Johnson Center, #239A
November 14, 2017, 10:00 AM to 12:30 PM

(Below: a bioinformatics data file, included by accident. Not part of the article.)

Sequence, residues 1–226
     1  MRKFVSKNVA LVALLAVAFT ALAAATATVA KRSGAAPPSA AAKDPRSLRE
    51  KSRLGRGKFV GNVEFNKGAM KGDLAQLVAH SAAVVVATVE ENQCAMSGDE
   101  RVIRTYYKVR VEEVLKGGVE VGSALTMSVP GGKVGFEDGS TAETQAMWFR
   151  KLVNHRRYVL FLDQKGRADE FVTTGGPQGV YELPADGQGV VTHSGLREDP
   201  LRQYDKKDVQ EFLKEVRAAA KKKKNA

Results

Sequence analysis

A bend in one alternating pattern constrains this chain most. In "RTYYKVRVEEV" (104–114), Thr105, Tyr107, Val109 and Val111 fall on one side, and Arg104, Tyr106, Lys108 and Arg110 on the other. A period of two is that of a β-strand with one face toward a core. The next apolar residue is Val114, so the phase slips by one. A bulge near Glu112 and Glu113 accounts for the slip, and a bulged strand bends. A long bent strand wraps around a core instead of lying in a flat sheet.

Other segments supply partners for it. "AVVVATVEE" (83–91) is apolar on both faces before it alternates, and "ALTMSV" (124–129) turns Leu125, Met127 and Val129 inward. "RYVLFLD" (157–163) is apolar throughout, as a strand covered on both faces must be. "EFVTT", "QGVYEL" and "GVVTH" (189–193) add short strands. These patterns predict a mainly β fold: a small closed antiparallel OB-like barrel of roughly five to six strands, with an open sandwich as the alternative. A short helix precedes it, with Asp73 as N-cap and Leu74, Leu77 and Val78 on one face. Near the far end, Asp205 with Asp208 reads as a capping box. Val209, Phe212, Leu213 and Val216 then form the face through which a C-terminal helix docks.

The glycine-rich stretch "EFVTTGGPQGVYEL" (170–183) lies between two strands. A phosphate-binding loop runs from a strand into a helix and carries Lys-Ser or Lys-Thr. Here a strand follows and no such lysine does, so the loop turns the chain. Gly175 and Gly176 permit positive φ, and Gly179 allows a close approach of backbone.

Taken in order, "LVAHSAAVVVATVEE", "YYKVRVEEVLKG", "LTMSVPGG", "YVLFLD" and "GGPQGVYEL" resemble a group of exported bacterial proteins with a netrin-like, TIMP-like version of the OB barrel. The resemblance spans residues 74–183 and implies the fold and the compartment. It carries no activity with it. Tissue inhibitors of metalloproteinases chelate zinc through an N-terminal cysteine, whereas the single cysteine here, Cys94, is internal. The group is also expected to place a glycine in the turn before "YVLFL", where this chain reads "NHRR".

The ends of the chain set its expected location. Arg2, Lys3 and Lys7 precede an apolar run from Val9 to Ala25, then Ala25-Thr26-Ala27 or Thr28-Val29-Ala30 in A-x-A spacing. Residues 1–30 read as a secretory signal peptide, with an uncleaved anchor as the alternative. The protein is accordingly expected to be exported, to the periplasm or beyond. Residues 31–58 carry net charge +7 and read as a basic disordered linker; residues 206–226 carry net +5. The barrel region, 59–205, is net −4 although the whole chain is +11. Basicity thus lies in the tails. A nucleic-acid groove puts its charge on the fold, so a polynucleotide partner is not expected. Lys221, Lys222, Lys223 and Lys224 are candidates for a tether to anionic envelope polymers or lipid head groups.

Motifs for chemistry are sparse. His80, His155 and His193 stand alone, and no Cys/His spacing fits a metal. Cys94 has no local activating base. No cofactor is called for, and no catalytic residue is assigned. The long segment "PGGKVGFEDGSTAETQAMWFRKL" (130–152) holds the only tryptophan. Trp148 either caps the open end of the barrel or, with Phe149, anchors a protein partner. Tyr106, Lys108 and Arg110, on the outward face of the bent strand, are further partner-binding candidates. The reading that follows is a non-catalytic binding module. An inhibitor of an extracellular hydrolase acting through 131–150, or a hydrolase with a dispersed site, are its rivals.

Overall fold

This dissertation describes the process of recruiting women into the United States Armed Forces in World War II. The Office of War Information created and managed recruiting campaigns for all labor and military needs, including those for women. The advertisements produced at the beginning of the war were markedly different than those produced at war’s end. The changes in advertising reflected the changes in perceptions of women and gender, and transmitted those changes to the public. This dissertation uses internal Office of War Information Records as well as the public result of the conversation – the advertisements themselves – as primary sources. This dissertation argues that the change in advertisements reflected that content producers at the Office of War Information moved from viewing women only in the context of their relationships to men to viewing women as consumers and audiences in their own right.